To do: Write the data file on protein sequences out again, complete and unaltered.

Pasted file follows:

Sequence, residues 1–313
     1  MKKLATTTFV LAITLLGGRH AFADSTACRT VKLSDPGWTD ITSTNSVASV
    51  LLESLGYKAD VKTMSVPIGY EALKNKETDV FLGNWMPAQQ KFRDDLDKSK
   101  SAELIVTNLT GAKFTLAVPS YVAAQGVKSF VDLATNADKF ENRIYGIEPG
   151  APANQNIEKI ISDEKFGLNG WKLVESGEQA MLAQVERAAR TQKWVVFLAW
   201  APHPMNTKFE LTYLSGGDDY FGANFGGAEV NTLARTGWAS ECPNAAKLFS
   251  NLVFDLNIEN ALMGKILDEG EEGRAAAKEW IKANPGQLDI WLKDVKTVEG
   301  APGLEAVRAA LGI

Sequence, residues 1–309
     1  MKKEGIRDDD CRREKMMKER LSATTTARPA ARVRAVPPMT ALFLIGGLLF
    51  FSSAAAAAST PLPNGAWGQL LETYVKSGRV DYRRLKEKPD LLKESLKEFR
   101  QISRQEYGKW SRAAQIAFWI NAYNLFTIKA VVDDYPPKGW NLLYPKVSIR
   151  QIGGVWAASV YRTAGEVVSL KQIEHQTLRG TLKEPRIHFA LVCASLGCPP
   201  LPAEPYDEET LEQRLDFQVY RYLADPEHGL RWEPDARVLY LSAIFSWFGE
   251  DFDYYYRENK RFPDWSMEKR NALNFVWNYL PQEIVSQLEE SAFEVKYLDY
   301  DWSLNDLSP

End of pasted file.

Sequence, residues 1–313
     1  MKKLATTTFV LAITLLGGRH AFADSTACRT VKLSDPGWTD ITSTNSVASV
    51  LLESLGYKAD VKTMSVPIGY EALKNKETDV FLGNWMPAQQ KFRDDLDKSK
   101  SAELIVTNLT GAKFTLAVPS YVAAQGVKSF VDLATNADKF ENRIYGIEPG
   151  APANQNIEKI ISDEKFGLNG WKLVESGEQA MLAQVERAAR TQKWVVFLAW
   201  APHPMNTKFE LTYLSGGDDY FGANFGGAEV NTLARTGWAS ECPNAAKLFS
   251  NLVFDLNIEN ALMGKILDEG EEGRAAAKEW IKANPGQLDI WLKDVKTVEG
   301  APGLEAVRAA LGI

Sequence, residues 1–309
     1  MKKEGIRDDD CRREKMMKER LSATTTARPA ARVRAVPPMT ALFLIGGLLF
    51  FSSAAAAAST PLPNGAWGQL LETYVKSGRV DYRRLKEKPD LLKESLKEFR
   101  QISRQEYGKW SRAAQIAFWI NAYNLFTIKA VVDDYPPKGW NLLYPKVSIR
   151  QIGGVWAASV YRTAGEVVSL KQIEHQTLRG TLKEPRIHFA LVCASLGCPP
   201  LPAEPYDEET LEQRLDFQVY RYLADPEHGL RWEPDARVLY LSAIFSWFGE
   251  DFDYYYRENK RFPDWSMEKR NALNFVWNYL PQEIVSQLEE SAFEVKYLDY
   301  DWSLNDLSP